Week 61: More heat
Rolie, my lovely Renault 4, is of course a stranger to air-conditioning, and also has plastic seats. The ways around this are to have all the windows open and the seats swathed in towelling. But up here in the hills, having the windows open serves only to allow hot air to pour in, like driving with hair-dryers on all around you. The temperature gauge on our front veranda read 39 degrees in the shade in the early part of this week, for most of the day. By midnight, it had cooled to 34 degrees. It’s dropped a few degrees now; it’s only reading 36 degrees at midday. The heat is no doubt more powerful up here in the hills than down on the coast. This is slightly unexpected, slightly counter-intuitive. So is keeping windows and shutters closed during the day to keep the heat out and the cool in, but it seems to work. The house is cooler inside, though not hugely so. Because I have a lot of work on I’m using the air-conditioning unit in my study, which was installed by the Sensibles, to maintain a steady, cool 28 degrees and facilitate brainwork. Funny how one cannot think in the heat.
The mystery of the tiles
Over the past few weeks, maybe longer, a few tiles on our roof have been gradually displaced, even broken. It happens at night and we’ve heard the sounds of scrabbling. One night Husband got up and looked out in time to eyeball a creature, a mammal about the size of a cat. Whether that’s the creature that makes the roof noise at night we don’t know, but we were hoping it was, and we were hoping it was a genet, because you do get them around here. (Then again, it might just have been a cat.) Genets are their own distinct genus (Genetta), but they look like cats: only leaner and meaner, with a longer neck, a beautifully spotted back and a thick, hooped tail. They are better known in Africa, and probably made their way over here from Morocco at some point.
But early this morning, early enough to avoid the worst of the heat, Eleuterio came over to help us place our marker stones, and while we were at it we pointed out the roof. (I say ‘we’ but I was still very much asleep at this point.) He offered to help fix the tiles, and he did so, and he told Husband what was causing the damage. No genet, he says it’s an owl, and it wants to eat the wasps that are nesting there. A roof full of wasps and a nightly visiting bird that’s big enough to shift the terracotta roof tiles – perhaps not the best news I’ve ever woken up to. But love one, love all – can’t just admire the cuter aspects of Nature . . .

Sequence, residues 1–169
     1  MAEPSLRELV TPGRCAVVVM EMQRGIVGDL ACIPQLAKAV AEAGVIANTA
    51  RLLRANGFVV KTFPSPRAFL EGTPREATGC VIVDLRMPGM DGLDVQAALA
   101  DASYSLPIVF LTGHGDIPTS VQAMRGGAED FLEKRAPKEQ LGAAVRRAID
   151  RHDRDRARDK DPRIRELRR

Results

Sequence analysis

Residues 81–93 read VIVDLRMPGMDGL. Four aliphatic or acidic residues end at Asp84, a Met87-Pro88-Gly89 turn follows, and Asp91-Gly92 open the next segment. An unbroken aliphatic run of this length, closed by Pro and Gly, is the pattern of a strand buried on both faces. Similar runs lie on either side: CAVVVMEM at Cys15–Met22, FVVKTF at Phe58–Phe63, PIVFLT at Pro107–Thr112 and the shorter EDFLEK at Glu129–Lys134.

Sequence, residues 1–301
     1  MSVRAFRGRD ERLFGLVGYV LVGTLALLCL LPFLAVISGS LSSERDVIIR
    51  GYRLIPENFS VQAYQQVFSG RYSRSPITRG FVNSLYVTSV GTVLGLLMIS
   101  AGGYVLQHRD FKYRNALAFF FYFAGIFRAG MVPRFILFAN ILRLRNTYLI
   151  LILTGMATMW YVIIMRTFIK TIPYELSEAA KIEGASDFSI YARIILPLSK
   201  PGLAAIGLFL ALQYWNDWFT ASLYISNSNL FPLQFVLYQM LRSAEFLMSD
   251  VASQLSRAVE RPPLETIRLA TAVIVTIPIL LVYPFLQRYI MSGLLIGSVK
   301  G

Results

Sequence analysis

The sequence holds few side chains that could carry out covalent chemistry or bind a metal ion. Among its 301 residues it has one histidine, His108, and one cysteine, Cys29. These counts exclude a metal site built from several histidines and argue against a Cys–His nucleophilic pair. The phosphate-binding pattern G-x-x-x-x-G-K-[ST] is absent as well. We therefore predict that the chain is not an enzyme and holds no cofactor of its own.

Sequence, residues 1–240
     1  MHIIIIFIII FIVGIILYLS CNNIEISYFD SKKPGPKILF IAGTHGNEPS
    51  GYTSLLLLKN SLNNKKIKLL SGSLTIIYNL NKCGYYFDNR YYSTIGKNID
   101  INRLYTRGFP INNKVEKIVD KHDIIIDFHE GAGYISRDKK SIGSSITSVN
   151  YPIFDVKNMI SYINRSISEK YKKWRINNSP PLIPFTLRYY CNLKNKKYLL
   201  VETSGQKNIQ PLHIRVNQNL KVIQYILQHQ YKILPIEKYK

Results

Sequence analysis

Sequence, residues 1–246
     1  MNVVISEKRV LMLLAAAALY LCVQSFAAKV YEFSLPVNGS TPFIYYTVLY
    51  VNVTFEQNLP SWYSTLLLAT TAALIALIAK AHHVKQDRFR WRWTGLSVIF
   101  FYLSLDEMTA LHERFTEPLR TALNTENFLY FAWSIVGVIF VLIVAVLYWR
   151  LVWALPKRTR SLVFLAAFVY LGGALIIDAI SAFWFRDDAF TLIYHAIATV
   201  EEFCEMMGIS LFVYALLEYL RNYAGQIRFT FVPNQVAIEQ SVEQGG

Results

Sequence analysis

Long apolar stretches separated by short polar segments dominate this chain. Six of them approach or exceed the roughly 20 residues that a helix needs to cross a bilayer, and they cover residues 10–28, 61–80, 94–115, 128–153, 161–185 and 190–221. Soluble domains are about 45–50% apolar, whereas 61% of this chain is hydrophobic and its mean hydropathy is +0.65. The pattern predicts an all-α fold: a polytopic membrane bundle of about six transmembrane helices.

It would be impossible not to love the bee-eaters, though their collective calls do sound like a child’s toy instrument, such as an ersatz piano, one on which a bunch of children are repeatedly going plink plonk. Around seven in the evening is a good time, heat-wise, for a walk up the hill behind our house, and also a fabulous time to spot the flocks of bee-eaters. Their calls fill the valley, and they swoop along the riverbed and up over the hills so from a good vantage point you can see them from above and below, and watch how their colours change as they flap and then glide, turning into and away from the sinking sun. To have a bee-eater float directly overhead, to see its sharp, geometric, double-pointed outline and its beautiful turquoise belly with black throat stripe against the deep blue of the sky, is wonderful. And then to see it twist against the light, or fly down into the valley, and flash the vivid blue, yellow and red colours of its back and head – just joy.
Another joy, of a more human cultural nature: in Tavira an open-air film festival is taking place. European films are shown in the cloisters of the Convento do Carmo, each screening at 9.30 in the warm star-studded night. In August is the second film festival, this time non-European films. Reasons to love living here . . .